No, Premier Smith: Fever Isn’t Dangerous

J. Edward Les, MD
6 min readDec 8, 2022

Fever is our friend, not our foe.

I have some sympathy for Premier Danielle Smith.

I can only imagine how difficult it is to be the leader of a whole province. She has to preside over a host of hugely important files: energy, transportation, finance, health, social services, justice, and so. And to manage it all competently requires vast truckloads of knowledge — all stuffed into one solitary brain.

I wouldn’t be able to pull it off, frankly. I’m not much older than the premier, but I can barely remember what I had for breakfast — and that was only ten minutes ago. Or maybe it was supper. Whatever: my point is that given the immensity and complexity of her job, it’s understandable that the premier might get a few things wrong here and there.

Take as example this statement at yesterday’s press conference, at which she announced the procurement of five million bottles of children’s acetaminophen and ibuprofen to replenish empty pharmacy shelves:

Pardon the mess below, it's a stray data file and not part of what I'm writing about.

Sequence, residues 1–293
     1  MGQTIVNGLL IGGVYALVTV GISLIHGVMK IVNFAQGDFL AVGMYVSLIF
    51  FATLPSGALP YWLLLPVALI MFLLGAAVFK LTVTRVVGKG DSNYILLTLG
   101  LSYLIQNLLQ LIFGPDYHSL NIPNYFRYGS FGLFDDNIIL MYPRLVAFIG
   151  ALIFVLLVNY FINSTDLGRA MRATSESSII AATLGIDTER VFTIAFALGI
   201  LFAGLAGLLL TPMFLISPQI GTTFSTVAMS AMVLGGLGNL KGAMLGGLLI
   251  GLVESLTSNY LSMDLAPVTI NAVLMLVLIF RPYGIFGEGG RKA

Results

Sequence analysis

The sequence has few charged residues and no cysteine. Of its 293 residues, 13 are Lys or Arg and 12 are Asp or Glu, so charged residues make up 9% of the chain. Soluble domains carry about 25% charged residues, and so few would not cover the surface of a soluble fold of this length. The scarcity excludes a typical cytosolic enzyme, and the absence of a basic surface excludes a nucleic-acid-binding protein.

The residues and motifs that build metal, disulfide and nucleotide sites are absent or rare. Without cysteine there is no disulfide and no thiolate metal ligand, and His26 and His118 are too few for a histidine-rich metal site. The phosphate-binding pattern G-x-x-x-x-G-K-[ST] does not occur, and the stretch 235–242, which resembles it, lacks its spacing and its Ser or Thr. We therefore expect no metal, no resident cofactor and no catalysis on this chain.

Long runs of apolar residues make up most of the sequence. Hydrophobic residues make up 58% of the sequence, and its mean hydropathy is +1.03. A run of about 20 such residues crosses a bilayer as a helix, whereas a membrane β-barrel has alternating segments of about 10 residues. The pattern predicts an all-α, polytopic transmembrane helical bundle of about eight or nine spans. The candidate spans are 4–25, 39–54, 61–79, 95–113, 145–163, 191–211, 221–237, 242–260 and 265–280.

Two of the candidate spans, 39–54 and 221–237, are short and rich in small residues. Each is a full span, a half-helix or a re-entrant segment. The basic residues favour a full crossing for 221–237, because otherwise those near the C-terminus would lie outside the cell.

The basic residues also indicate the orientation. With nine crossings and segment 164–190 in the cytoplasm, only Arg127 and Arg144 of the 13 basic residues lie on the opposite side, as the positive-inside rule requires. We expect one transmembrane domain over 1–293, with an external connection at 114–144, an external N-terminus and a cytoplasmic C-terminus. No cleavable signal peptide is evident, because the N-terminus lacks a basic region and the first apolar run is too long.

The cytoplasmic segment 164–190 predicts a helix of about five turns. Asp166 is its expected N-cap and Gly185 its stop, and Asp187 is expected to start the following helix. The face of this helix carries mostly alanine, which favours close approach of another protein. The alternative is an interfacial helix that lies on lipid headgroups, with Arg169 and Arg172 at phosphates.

“Fever is scary for parents. If a child becomes feverish and dehydrated . . . it can lead to seizures in younger children, and it can be really serious.”

I’ve been working in pediatric emergency medicine for twenty years. Take it from me, Premier: Fever isn’t dangerous: never has been, never will be.

Ms. Smith is correct in stating that “fever is scary for parents”. But it’s not scary for doctors; and as a pediatrician I spend a sizeable chunk of my professional time explaining that to parents. (If I had a nickel for every minute I’ve spent counselling parents on fever, I’d be richer than Elon Musk.)

In the context of infection, fever is simply the immune system’s response to that infection. Viruses and bacteria don’t like it hot — they can’t survive and thrive as well at higher temperatures. So the immune system, via a region of the brain called the hypothalamus, dials up the temperature as part of its military campaign to eliminate those unwelcome invaders.

The notion that a fever can be “too high” is a myth practically baked into modern-day public consciousness . But that notion is false. Fevers with infections are never too high — and they never cause brain damage or any other sort of bodily catastrophe.

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J. Edward Les, MD

Pediatric emergency physician. Former veterinarian. Father. Writer. Cancer survivor.